Trip report: Just coming back from Mexico after an 18-day adventure. Alaska Airlines flight 257 from Manzanillo to LAX was 30 minutes late, but the pilot made up 15 minutes en route.
The customs/immigration process at LAX is a little convoluted. However, the lines moved quickly, even though foreign nationals have to deal with fingerprints, photographs, etc. After clearing customs, travelers drop their bags to be loaded onto connecting flights–but they still must go through additional TSA screening before boarding those flights. This is nonsense, IMHO. But that’s LAX. In spite of the extra security-related steps, we were able to board our connecting flight to Seattle without incident.
Every time I go to Mexico, I love it. In fact, I love the land more deeply after each journey. During this trip, we started at our family’s favorite tropical getaway: Vida del Mar in Manzanillo. This is an enclave of Alaska ex-pats–and it’s a great place to lay in a solid suntan. Pool. Beach. Great food. Great people. Here’s a shot:
We rented a car and headed upcountry to Patzcuaro, in Michoacan. This is a major trip–about 320 miles each way. And it was quite a surprise.
First, our route was somewhat circuitous. We had to go up to Guadalajara, then over to Morelia and back to Patzcuaro. That’s because we were told to stay on the toll roads. These roads are expensive–but worth it.
Our digs in Patzcuaro, at Casa Werma, were incredible. Hostesses Eva and Christine preside over a five-acre walled garden with two houses on the property. There is a small casita that is perfect for two people. We opted for the larger casa, which boasts three bedrooms and at least three fireplaces. It’s a delightful oasis in the middle of town.
Patzcuaro and its surrounding villages are quite a testimony to the influence of the Spaniards–as they set up shop in the 1500s. Their influence remains today, not just in the pervasive Catholic faith of the people, either. The first Archbishop of Patzcuaro, Vasco Quiroga, set up a system for the indigenous Purepecha indians which remains today: each village concentrates on a specific task or craft. Tuscuaro, for example, makes masks. See below:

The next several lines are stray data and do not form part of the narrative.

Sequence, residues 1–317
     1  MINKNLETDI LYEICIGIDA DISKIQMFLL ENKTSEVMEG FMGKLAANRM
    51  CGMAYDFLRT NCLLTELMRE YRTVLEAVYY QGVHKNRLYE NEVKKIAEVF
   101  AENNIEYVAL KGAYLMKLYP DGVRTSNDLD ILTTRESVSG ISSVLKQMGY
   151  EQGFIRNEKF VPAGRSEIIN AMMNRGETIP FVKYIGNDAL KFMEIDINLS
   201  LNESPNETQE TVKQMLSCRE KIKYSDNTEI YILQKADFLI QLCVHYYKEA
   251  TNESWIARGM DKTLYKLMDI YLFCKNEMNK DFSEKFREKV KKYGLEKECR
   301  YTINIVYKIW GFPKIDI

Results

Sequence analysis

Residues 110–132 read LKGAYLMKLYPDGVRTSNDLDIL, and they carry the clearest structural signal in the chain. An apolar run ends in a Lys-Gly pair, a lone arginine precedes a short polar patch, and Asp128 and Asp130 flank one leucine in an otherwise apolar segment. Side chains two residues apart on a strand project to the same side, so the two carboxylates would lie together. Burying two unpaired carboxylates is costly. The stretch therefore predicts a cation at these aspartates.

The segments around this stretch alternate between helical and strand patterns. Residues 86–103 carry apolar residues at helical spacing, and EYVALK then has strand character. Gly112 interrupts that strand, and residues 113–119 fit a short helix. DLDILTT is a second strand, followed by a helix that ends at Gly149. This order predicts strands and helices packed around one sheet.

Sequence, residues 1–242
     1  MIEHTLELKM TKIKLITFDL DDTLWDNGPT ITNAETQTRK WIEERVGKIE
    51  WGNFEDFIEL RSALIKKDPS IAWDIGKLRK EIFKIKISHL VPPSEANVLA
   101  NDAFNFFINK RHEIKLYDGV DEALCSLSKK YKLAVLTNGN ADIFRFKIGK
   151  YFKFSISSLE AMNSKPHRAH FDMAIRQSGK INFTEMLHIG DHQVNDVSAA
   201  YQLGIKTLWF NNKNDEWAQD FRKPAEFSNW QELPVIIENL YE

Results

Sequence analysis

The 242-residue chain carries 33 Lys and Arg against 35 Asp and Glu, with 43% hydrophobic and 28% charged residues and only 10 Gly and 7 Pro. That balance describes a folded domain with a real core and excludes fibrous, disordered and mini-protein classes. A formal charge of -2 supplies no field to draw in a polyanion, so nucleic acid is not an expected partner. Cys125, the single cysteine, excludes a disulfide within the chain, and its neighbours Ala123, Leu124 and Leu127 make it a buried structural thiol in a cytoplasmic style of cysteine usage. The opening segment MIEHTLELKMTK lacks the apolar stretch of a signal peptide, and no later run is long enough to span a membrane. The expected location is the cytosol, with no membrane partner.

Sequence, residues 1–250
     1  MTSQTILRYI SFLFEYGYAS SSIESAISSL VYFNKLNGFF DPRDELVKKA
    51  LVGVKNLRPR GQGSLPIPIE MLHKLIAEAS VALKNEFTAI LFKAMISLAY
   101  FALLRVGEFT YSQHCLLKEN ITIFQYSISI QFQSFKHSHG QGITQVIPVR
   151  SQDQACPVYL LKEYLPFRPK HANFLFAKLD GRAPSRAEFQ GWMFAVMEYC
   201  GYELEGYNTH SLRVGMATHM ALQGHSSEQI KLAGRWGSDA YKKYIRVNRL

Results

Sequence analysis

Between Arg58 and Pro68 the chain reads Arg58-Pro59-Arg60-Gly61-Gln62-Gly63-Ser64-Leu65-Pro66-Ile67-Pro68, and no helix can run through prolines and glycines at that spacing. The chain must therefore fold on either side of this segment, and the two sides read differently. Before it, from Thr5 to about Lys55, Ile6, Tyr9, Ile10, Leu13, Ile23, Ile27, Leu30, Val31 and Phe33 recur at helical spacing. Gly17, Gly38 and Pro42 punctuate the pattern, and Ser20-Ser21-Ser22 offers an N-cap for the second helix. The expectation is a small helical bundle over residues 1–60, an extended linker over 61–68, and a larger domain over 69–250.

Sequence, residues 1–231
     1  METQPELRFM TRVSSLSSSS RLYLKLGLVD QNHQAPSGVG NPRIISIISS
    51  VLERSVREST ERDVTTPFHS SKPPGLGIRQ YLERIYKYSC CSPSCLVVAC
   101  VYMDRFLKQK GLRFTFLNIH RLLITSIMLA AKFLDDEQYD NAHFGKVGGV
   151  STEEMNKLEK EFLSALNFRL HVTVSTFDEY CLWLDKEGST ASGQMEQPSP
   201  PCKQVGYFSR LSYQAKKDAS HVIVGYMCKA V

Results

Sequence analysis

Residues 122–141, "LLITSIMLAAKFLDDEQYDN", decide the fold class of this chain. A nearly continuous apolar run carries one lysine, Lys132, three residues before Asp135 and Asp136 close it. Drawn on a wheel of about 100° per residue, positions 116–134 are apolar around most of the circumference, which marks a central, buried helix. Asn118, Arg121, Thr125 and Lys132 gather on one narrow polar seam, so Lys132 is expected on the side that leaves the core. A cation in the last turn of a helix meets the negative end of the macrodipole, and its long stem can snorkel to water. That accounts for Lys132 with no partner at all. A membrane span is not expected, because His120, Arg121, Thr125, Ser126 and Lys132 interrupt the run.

In Santa Clara del Capro, all the copper is crafted. In one shop, we saw an entire dining room made of copper:
Tzintsanshin is known for the dried reeds of Lake Patzcuaro woven into baskets and other handiworks. And in Santa Fe de la Laguna, they concentrate on pottery (lead-free):
Also in Santa Fe de la Laguna, we visited one artist who was throwing some clay, making a traditional candelabra–as her family has done for many generations:
For our family, the trip to Patzcuaro was a wonderful immersion into the Mexican way of life. Most people spoke only Spanish–and as “Yankees” we definitely were in the minority. We began to identify with our exchange student, Sulis, from Indonesia, who accompanied us. In fact, she studied Spanish diligently and acted as our interpreter from time to time.
Coming home from a trip always is bittersweet. As we were packing up, Christy looked at me and asked: “Well, did we have a good time?”
It’s funny. Of course we did. But it was so much more. We struck out to see new territory. We went on an adventure as a family. There were some awkward moments. Some disappointments. But it’s so much fun to meet new people and see new things–it’s worth it.
We met many other artists in villages that surround Lake Patzcuaro. We hired a guide recommended by Eva and Christina. Her name is Marcia and she’s an art historian. She took us to the home studios of many artists–and we learned quite a bit about the how and why of the folk art they produce.
We look forward to returning to Mexico soon!
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